Here Comes the Dreamer - Carole Giangrande
Alastair Luce is a dreamer, one of three who tell this tale. A Canadian expat in the 1950s, he lives in a New York City suburb with his wife, Nora, a passionate American who misses the excitement of wartime life and finds an outlet -- and a lover -- during the Red scare. Alastair's an artist, a quiet man who paints houses for a living, fears atomic holocaust, drinks too much and worries about his suffering child, Grace. Just before the accident that kills his daughter's best friend Todd, he offers a ride to their teenage neighbour, Claire Bernard. She continues the story as a witness to tragedy, a wry observer of suburban mores and a compassionate friend of Alastair, whose talent and politics she'd long admired. Yet in the era of Vietnam, she's not prepared for his love or his anguish as she marries and leaves for Canada. In Toronto, it's Alastair's exiled daughter Grace who speaks, giving voice to her fury, an artist who works to "burn" the city down with brilliant colour, who resents Claire for hurting her dad, and still grieves the loss of young Todd. Yet Grace, Claire and Alastair are bound together by their history, and a crisis draws their painful stories to a climax. It's then that Grace ventures homeward for the first time, into a startling vision of the unknown.
For such a small book (127 pages) there is a lot of story fit into it. Even more surprising was even though it was so short, I really had a hard time sticking with it. Normally I can power read through things and 130 pages in a sitting isn't unheard of. Instead, this book took me days to get through because at no point did I feel really emotionally invested in. Was it good? It was. But I found myself not caring much about what happens to these people.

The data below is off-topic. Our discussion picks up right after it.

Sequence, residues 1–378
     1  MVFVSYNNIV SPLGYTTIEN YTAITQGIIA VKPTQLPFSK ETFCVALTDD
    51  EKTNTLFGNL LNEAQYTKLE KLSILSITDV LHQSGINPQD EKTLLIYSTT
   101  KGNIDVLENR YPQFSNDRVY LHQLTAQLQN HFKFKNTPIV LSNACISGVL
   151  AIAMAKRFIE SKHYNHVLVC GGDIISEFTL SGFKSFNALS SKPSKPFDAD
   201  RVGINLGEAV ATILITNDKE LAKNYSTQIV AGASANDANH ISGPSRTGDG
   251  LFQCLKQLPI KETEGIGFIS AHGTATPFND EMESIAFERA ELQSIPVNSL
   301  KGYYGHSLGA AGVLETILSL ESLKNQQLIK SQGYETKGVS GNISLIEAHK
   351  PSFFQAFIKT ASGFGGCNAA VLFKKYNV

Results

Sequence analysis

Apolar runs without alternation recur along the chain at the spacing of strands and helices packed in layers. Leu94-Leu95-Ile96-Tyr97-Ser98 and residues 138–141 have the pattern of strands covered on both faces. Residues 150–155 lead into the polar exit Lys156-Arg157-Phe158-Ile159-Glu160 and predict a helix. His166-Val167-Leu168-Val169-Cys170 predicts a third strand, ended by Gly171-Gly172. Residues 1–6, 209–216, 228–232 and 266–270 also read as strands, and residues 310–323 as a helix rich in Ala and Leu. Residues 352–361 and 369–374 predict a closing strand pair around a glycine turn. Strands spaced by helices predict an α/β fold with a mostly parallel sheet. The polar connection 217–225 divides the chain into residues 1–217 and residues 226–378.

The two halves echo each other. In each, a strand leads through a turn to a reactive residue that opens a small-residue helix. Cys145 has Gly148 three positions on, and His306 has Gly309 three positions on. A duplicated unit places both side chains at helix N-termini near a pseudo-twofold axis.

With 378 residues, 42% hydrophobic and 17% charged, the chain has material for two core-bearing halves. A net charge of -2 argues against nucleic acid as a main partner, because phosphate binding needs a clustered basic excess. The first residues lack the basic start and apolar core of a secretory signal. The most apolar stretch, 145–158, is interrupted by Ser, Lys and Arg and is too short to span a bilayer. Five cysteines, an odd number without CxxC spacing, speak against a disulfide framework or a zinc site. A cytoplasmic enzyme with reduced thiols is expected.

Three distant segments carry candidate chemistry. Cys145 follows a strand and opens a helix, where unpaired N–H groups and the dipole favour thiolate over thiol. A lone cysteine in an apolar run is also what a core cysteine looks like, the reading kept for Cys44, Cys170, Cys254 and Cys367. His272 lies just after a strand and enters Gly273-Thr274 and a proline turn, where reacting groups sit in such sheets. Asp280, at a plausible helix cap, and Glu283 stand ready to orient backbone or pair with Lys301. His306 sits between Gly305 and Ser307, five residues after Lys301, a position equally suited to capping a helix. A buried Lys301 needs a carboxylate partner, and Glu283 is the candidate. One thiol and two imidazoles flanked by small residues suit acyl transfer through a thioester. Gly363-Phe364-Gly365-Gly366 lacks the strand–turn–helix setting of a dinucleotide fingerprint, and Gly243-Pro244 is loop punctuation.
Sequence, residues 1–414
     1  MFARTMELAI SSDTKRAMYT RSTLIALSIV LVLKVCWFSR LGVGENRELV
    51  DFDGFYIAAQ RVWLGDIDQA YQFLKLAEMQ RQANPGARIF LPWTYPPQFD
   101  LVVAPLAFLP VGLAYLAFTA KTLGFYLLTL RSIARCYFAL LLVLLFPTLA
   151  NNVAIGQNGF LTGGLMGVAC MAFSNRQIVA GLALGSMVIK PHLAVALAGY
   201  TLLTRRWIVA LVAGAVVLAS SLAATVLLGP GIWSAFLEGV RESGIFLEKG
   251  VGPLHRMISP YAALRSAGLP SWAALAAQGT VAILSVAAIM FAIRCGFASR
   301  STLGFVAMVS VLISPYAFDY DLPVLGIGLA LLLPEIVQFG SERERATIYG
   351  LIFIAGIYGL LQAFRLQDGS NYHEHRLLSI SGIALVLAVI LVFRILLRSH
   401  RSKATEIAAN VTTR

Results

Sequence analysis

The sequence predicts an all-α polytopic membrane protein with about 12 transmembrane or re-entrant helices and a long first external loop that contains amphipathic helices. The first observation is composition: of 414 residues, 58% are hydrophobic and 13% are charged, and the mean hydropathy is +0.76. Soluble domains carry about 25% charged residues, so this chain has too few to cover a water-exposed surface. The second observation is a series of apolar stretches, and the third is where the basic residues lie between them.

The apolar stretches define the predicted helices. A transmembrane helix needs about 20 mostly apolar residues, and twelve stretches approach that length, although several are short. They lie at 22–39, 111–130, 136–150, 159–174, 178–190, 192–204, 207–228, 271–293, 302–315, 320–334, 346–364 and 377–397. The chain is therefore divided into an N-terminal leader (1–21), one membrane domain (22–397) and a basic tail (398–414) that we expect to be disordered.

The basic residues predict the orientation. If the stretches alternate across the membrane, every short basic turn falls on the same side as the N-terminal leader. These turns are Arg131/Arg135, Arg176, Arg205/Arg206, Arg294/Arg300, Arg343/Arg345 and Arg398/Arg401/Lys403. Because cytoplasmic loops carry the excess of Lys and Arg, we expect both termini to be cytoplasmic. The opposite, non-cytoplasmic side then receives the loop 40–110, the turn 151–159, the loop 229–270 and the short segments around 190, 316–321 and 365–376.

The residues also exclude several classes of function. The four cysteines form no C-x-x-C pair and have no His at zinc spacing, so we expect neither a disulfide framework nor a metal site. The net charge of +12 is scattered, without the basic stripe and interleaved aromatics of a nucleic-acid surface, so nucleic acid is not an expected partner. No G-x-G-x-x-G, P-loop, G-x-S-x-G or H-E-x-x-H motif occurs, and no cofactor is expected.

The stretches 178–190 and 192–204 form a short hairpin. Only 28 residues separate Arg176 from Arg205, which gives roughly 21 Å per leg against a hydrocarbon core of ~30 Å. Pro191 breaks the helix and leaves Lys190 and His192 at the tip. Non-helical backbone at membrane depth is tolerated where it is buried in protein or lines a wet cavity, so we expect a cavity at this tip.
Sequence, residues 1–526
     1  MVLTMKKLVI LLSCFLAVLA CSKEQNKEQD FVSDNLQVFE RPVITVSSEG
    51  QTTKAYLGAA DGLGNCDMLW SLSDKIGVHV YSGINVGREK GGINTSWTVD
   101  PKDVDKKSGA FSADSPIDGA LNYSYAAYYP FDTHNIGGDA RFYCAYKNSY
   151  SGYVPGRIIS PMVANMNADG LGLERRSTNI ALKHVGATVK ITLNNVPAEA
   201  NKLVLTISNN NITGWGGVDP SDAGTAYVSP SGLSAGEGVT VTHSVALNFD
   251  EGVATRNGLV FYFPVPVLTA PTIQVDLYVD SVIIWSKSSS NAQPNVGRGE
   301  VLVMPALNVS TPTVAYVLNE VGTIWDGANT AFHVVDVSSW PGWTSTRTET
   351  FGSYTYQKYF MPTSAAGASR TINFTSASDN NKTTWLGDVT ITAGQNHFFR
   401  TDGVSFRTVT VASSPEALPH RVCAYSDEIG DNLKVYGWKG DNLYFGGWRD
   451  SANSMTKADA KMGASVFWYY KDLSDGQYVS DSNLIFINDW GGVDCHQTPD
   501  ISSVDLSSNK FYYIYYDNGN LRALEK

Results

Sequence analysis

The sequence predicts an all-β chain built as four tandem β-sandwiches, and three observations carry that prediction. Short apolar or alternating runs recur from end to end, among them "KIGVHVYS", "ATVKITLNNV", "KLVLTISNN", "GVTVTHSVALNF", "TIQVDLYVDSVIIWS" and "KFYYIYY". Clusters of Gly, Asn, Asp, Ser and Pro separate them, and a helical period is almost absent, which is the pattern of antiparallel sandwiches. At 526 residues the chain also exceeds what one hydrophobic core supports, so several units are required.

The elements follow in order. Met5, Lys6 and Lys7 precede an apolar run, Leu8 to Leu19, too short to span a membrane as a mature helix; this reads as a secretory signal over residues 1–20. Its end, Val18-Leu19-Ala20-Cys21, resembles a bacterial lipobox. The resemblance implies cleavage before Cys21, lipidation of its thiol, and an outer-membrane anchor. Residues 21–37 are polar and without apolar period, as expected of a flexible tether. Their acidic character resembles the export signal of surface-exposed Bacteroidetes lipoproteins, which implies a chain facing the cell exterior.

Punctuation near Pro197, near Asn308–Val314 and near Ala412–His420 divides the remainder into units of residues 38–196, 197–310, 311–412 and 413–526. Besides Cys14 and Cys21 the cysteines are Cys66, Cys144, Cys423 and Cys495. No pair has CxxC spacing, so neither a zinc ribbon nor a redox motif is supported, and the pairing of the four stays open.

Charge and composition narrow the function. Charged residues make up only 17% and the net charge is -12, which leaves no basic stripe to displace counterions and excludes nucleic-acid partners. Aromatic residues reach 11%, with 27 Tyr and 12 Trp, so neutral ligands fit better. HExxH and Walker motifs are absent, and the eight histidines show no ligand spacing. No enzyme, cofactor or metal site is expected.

Here Comes the Dreamer centers around three main characters: Nora, Alastair, and Grace. Grace is the child of Nora and Alastair and I felt absolutely terrible for her because it was clear her mother didn't like her. Mostly because she was too similar to Alastair and Nora was very pragmatic and based in reality. She steps outside of the marriage and it results in another child. What I found odd was that even though it was clear that Nora didn't even really care for Alastair, you can tell there was still something there towards her. But we also have Claire, who wants to be friends with Alastair (even though there is a HUGE age gap and it almost makes me reminiscent of K.L. Cook's The Girl From Charnelle) but that's hard to do after the accident that killed a little boy, who happened to be one of Grace's only friends. I guess for me, this sums up what happens when you have a family who don't focus on the child (Nora/Alastair) because Grace ends up... well she ends up kind of angry and trying to reconcile her mother's abuse and everything that essentially starts at the accident.
Honestly, the last third of the book was the best part because I felt like it was all really coming together. The first two thirds are good, but I felt like we were gathering all of this information, swirling around, and not really sure how it was going to end up- why was any of this essential information? I do think that if I had lived in the post Cold War era, I would have understood the sentiment behind some of the passages. I don't know what it's like to inherently distrust someone based on their belief. Sure, we have something similar now, but certainly not at all to the degree that this book highlights.
You can order the book through Amazon and Barnes & Noble. It might even be a great gift (or stocking stuffer) for your parents or even Grandparents this year!